“There are some tasks and activities that, by their nature, require to be carried out on site and which are not a source of risk for community contagion, since they do not crowd large numbers of people around one site, they do not take place in closed spaces and they do not imply interaction with people who come from the outside.

“In line with the regulations of the Ministries of Health and Social Protection, Labor and Mines and Energy, which established the conditions under which the mining sector can operate and complying with the recommendations of the Jericho Ministry of Health, AngloGold Ashanti designed complete and detailed operating protocols aimed at minimizing the risk of spreading the Covid-19.

“The protocols include provisions related to the control and rapid detection of possible cases, mandatory hygiene measures for people, sanitation processes for facilities, measures for the transport of personnel, recommendations for extra-occupational care, guidelines for health personnel, among others.”

Written by April 08 2020 0

Medellin-based Grupo Exito announced April 7 that it’s accelerating mass production of special masks to protect against Coronavirus infections – and plans to sell the masks at its Exito, Carulla, Surtimax, SuperInter and Surtimayorista stores throughout Colombia.

“Today more than 3,000 people are dedicated to making face masks in the workshops where the clothes of Grupo Éxito's own brands are usually made,” according to the company.

“Around 50 manufacturing workshops of Grupo Éxito's own brands, located in Antioquia, Valle del Cauca, Caldas and Tolima, are now spaces dedicated to the manufacture of fabric face masks, commonly known as face masks.”

The urgent need for mass production is not only to protect supermarket and pharmacy workers, public utility workers and many others exempt from the current quarantine, but also to protect the general public, the company noted.

“The national government has established the mandatory use of face masks in public transport systems, areas of massive influx of people, people with respiratory symptoms and high-risk groups,” according to Exito.

“Likewise, the making of these cloth masks represents an important boost in a [textile-clothing] sector hit by the effects of Covid-19, to preserve the employment of more than 3,000 collaborators linked to the project."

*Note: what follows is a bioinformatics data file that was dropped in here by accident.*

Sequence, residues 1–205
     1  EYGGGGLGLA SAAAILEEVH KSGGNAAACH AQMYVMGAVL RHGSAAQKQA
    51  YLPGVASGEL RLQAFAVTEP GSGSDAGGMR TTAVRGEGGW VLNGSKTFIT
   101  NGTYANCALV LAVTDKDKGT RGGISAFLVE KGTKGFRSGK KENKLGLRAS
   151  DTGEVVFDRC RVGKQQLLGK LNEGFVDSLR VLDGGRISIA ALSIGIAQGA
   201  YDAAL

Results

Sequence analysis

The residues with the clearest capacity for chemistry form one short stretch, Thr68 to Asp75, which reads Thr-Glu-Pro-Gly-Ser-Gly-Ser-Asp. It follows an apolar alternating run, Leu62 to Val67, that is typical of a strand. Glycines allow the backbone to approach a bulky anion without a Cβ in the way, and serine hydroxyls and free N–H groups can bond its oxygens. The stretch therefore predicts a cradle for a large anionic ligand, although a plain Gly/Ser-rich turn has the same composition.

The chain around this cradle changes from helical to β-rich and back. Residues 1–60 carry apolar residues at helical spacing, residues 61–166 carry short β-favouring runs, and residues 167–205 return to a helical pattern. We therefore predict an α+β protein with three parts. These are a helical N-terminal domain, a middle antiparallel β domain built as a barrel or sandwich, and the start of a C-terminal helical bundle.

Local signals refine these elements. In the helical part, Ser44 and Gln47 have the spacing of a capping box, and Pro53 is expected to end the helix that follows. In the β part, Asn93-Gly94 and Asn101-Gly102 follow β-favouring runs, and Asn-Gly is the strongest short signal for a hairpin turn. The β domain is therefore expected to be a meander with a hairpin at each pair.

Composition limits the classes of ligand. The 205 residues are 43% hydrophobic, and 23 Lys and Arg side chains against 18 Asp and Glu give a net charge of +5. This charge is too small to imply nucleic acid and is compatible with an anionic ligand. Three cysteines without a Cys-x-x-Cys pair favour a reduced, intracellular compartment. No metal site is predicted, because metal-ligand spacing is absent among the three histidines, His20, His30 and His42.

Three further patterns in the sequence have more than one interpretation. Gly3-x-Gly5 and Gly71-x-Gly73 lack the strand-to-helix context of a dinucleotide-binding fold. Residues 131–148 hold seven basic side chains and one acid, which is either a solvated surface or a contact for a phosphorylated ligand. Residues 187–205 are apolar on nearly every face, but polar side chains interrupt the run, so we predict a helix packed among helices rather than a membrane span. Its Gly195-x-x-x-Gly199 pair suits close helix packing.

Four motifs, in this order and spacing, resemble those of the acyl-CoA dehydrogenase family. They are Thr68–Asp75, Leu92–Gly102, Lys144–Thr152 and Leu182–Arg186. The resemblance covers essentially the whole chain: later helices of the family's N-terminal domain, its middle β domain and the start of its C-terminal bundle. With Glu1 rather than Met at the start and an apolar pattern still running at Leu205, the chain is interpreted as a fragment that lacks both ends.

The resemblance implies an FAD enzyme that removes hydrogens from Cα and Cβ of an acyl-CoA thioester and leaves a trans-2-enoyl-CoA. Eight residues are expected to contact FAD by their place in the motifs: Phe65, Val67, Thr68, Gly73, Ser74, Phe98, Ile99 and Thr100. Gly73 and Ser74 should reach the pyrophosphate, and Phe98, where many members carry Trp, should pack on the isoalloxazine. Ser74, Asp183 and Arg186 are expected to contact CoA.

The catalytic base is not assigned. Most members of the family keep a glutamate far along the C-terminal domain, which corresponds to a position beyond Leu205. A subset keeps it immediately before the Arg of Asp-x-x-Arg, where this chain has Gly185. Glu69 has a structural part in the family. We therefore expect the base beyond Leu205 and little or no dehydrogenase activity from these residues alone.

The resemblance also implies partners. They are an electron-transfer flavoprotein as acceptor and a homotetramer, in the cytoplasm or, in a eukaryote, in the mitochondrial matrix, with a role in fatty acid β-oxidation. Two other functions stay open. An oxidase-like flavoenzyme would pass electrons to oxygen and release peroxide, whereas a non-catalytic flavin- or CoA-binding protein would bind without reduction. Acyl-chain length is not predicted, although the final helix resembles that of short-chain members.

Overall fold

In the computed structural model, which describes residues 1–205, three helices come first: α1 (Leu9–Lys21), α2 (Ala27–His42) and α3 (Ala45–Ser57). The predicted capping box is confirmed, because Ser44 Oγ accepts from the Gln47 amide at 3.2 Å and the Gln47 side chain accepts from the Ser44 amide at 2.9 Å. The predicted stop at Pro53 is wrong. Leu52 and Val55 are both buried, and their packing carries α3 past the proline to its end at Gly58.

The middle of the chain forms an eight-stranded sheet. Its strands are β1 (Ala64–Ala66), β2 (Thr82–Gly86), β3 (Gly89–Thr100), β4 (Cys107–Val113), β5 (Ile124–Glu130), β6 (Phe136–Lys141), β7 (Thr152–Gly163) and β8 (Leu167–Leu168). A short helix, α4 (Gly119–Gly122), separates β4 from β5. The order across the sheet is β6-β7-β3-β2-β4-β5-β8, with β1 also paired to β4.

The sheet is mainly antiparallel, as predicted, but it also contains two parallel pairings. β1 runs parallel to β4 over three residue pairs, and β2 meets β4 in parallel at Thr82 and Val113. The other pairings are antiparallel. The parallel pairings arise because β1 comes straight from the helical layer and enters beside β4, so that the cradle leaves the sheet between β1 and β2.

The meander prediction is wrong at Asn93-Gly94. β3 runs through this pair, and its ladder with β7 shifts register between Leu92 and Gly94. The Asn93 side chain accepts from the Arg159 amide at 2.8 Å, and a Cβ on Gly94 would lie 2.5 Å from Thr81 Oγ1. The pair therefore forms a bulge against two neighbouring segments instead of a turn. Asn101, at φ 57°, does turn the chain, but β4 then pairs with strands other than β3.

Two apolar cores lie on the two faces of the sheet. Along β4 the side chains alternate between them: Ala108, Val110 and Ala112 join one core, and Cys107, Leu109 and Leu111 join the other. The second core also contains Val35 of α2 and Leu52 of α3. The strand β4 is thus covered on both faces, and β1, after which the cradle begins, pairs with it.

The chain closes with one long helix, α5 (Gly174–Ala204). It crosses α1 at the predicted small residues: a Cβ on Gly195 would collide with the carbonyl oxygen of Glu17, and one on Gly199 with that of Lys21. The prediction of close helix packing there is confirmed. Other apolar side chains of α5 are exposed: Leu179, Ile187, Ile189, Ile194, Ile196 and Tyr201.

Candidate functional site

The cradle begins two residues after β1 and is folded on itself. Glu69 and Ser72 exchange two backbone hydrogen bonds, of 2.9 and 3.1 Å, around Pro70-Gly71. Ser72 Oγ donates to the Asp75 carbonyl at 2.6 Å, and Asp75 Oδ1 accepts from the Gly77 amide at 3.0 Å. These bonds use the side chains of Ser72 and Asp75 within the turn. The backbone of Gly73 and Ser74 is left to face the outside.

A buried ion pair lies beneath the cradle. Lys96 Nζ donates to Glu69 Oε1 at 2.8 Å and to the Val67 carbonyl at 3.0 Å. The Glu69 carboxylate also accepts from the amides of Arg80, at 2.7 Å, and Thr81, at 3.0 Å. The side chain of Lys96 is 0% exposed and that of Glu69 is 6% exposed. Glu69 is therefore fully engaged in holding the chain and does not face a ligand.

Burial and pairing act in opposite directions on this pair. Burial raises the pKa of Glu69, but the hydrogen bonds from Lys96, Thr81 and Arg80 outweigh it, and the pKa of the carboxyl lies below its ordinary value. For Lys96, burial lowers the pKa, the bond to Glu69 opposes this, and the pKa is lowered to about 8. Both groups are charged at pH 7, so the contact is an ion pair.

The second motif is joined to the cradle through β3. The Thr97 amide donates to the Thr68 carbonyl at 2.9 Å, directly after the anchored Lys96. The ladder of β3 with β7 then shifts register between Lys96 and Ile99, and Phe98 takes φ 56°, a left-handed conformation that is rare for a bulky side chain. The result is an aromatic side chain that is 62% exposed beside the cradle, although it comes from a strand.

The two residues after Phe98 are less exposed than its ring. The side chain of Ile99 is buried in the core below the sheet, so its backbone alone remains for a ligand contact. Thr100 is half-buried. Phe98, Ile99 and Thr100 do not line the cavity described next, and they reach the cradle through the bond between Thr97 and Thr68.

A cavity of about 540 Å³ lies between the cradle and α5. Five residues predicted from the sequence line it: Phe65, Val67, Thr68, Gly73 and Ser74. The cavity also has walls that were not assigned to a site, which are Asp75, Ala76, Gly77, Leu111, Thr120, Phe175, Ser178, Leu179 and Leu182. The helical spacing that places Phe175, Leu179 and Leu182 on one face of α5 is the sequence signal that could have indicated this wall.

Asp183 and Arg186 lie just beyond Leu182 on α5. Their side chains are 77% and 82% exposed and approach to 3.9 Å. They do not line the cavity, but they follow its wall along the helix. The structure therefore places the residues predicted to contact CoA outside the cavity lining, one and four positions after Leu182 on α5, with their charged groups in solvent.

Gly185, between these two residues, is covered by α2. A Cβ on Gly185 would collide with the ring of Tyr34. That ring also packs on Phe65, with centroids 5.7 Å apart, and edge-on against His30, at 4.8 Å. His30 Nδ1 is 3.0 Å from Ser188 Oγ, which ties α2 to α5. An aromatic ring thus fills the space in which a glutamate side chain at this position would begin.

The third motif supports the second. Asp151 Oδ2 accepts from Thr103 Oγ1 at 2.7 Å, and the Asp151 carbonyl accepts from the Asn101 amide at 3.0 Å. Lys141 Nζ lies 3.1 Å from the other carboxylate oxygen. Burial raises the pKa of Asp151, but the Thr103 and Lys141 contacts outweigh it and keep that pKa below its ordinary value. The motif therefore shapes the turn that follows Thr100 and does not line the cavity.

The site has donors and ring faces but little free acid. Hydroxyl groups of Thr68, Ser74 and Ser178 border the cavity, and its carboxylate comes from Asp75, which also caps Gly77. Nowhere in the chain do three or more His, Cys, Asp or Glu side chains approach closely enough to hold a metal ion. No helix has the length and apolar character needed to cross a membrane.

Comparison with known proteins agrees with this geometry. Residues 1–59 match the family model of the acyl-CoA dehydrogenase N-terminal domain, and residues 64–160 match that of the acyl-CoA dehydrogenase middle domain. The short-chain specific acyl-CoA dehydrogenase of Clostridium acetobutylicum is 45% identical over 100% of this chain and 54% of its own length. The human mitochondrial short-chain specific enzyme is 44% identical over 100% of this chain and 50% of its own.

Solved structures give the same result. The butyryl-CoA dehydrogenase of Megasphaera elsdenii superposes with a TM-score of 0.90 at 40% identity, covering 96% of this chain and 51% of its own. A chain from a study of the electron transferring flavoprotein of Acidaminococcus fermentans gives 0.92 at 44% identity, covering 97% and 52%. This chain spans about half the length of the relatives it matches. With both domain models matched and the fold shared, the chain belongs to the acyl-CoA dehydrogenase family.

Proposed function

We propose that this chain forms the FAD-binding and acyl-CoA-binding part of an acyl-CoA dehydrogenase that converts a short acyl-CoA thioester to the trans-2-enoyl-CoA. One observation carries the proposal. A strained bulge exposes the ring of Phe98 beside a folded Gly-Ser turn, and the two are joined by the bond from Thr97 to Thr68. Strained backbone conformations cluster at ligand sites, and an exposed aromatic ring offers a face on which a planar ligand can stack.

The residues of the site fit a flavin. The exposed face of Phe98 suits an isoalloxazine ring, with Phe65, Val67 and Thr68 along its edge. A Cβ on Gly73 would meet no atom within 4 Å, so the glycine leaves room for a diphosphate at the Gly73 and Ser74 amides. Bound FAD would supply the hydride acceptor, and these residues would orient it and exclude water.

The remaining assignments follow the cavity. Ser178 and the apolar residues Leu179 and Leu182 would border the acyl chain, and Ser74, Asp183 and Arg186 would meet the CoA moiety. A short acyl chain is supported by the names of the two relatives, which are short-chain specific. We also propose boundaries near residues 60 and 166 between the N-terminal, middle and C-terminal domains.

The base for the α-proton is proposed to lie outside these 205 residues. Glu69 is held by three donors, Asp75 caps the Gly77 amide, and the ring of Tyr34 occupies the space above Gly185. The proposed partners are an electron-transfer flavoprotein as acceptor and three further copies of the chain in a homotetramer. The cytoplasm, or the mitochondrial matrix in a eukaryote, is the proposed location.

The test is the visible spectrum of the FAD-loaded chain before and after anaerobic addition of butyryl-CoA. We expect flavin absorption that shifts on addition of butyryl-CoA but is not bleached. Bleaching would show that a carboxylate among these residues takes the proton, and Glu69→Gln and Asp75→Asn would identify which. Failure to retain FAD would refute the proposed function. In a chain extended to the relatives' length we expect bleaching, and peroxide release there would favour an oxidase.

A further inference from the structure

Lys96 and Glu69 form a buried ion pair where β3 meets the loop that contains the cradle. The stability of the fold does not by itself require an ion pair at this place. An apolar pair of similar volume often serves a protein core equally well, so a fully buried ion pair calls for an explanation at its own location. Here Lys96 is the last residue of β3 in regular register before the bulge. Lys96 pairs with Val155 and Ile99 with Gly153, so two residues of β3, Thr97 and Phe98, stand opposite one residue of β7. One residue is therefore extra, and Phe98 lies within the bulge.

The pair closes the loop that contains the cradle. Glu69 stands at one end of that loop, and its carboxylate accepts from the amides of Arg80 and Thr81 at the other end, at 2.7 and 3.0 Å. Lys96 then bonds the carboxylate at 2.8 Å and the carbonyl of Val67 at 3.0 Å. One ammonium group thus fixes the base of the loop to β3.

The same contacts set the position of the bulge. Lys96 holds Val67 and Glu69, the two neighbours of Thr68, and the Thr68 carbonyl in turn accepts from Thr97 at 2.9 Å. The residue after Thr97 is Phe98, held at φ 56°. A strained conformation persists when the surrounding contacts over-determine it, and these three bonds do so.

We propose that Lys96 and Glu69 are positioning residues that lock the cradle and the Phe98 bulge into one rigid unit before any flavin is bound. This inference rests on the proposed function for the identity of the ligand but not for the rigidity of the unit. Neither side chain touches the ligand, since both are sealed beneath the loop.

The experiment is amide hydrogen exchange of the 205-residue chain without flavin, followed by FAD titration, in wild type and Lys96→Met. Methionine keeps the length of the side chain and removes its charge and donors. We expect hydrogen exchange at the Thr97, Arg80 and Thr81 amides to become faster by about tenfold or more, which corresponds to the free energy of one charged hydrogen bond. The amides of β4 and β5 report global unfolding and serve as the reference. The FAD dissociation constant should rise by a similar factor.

So far, 20 million face masks have been progressively manufactured since March 18.

“Weekly more than 2 million units are produced by 3,000 people in Cali, Manizales, Ibagué, Medellín, Sabaneta, Envigado, Itagüí, Bello, Santa Rosa de Osos and Don Matías, who as a result of this activity keep their jobs,” according to the company.

“With actions like this we promote work in about 50 textile companies, which brings relief in the face of the economic challenges that the sector and its workers are going through,” added Exito president Carlos Mario Giraldo.

Meanwhile, in an April 6 filing with Colombia’s corporate oversight agency Superfinanciera, Medellin-based textile giant Coltejer revealed that it has just restarted a production line -- dedicated to production of protective clothing and cleaning supplies for confronting the Coronavirus crisis.

Among other local companies already involved in mass production of special textiles to protect people against Coronavirus is clothing giant Everfit, as noted in a report in daily newspaper El Colombiano.

Page 10 of 31

About Medellin Herald

Medellin Herald is a locally produced, English-language news and advisory service uniquely focused upon a more-mature audience of visitors, investors, conference and trade-show attendees, property buyers, expats, retirees, volunteers and nature lovers.

U.S. native Roberto Peckham, who founded Medellin Herald in 2015, has been residing in metro Medellin since 2005 and has traveled regularly and extensively throughout Colombia since 1981.